A similar thing happened in the early days of the technology surrounding the cold war - and we almost went to war due to it. The BMEWS radar in Thule Greenland detected a missle launch from somewhere in the USSR. The red alert call went pretty far up the CoC until someone wise enough took a look at the data, and most importantly, the horizon. The moon was rising in the exact location of the missle launch. The extremely powerful radar signal was bouncing off the moon and since the distance was obviously impossible, the program divided until a reasonable distance was extrapolated. That "glitch" that almost started a war was quickly fixed.

May 6, 2007, 04:03 PM
For a bullet to travel "a thousand miles" earth standard conditions could not apply. You must first have zero or little gravity, atmosperic pressures, humidity, ect must be non existent, ie, you would have to be in the vaccum of space. A bullet could then travel "forever" assuming it did not strike another space object or come close enough to be pulled in by the gravity of another object. Think how effective a large shotgun load like one of the behive rounds would be on say a satilite at long range.

Zak Smith
May 6, 2007, 04:05 PM

I think the situation was: "a thousand miles in the micro gravity environment of a space going balloon several thousand miles in diameter" which contained air of similar density to standard sea level conditions.

Chuck Dye
May 6, 2007, 09:09 PM
Thanks, Zak.

I proposed modern terrestrial sea level atmospheric conditions only for the convenience of existing ballistics programs and their underlying algorithms. Were I to try to apply rigor to the author's habitat, Virga, I would probably find a considerable range of atmospheric densities would work, an unnecessary complication to the ballistics question.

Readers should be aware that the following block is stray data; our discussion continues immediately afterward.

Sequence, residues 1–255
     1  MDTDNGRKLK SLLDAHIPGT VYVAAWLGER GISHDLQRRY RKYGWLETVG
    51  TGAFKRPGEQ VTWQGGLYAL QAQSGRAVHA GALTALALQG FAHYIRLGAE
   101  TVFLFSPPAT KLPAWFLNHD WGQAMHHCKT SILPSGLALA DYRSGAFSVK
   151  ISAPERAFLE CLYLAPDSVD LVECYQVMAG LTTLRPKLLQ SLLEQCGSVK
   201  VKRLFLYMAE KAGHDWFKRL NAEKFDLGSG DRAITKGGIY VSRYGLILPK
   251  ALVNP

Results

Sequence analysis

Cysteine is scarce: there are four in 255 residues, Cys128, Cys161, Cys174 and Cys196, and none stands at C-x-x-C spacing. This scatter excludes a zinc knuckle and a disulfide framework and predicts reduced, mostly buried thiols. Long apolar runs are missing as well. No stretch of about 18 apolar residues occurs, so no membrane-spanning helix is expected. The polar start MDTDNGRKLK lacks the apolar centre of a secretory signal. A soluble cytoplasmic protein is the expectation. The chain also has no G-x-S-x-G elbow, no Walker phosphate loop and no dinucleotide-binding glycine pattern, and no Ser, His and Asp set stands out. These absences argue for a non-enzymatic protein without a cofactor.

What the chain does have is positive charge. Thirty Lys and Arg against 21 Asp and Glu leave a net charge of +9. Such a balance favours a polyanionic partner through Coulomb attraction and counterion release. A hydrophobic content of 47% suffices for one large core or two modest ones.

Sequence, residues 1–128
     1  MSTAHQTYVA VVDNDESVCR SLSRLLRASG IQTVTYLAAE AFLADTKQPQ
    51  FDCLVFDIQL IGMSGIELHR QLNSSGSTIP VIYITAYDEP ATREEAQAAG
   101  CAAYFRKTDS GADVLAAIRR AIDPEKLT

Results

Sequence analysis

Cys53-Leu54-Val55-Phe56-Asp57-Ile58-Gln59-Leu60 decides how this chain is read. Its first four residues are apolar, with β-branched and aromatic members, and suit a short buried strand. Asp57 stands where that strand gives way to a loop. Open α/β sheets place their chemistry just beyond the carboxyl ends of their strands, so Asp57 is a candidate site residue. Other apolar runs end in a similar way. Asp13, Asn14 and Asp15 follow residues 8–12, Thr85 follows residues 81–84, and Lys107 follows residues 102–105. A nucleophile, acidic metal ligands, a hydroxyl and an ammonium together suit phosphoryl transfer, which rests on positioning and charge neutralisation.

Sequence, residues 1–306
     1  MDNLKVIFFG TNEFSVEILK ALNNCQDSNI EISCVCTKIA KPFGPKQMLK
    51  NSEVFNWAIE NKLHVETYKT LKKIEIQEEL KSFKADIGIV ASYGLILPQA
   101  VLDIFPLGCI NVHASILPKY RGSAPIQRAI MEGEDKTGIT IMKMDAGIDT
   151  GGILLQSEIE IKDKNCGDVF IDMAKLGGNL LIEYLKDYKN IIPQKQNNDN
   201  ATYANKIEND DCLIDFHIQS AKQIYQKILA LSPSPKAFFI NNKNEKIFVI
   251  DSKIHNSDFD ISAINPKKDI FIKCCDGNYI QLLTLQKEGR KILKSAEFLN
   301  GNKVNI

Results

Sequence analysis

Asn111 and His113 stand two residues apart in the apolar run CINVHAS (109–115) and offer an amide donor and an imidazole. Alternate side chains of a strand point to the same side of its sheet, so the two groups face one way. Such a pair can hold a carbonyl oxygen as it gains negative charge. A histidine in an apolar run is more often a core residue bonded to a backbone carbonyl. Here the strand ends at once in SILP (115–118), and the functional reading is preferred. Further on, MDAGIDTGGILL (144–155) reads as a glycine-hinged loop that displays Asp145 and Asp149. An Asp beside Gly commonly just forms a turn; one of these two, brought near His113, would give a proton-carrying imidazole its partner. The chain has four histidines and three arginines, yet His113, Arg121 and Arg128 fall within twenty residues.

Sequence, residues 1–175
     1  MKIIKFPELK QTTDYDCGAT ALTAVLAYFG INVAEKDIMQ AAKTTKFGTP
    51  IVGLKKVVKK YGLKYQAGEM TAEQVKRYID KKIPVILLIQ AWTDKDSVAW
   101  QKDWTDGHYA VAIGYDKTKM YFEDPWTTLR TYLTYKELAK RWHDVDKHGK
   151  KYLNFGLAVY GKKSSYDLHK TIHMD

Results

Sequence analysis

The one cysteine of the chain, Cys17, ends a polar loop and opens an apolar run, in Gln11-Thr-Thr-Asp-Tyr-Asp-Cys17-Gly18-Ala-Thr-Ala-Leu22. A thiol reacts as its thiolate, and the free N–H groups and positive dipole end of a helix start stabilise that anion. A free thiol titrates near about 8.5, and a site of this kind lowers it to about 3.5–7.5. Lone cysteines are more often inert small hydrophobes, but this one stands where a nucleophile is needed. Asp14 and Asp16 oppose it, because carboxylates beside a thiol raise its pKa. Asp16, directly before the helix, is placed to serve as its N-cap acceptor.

In zero G vacuum, if you fail to fire that shotgun so that the recoil impulse it directed precisely through your center of mass, you will have very unpleasant angular momentum as a result. Even without creating spin, you will need to compensate for your recoil. :D

May 6, 2007, 11:01 PM

I could see that shot being made in space, but not in any atmosphere, with or without gravity. Air resistance would stop the thing long before it could go that far.
I'm disappointed with Analog Magazine in any case; I used to have a lot of respect for their editorial standards. I guess everything is going to hell . . .

May 7, 2007, 12:28 AM
Soft SF vs. Hard SF

Two significantly different sub-genres. Soft SF asks you to ignore the scientifically impossible to advance the story or provide a setting for the story. Some of the stories in this sub-genre are nearly indistinguishable from Fantasy. Hard SF requires of the author to have provable or at least probable scientific basis for basically every claim made in the text.

The story you read was the soft variant. It's not probable and is nothing more than a tacky part of an exotic space adventure. There are fans of both genres. It appears that we (Huck and I) both prefer Hard SF.

Mal H
May 7, 2007, 12:37 AM
I guess I would be in the Carbide SF group then. :)

That's one reason why Arthur C. Clarke was always my favorite SF author almost from childhood on, or rather Childhood's End on.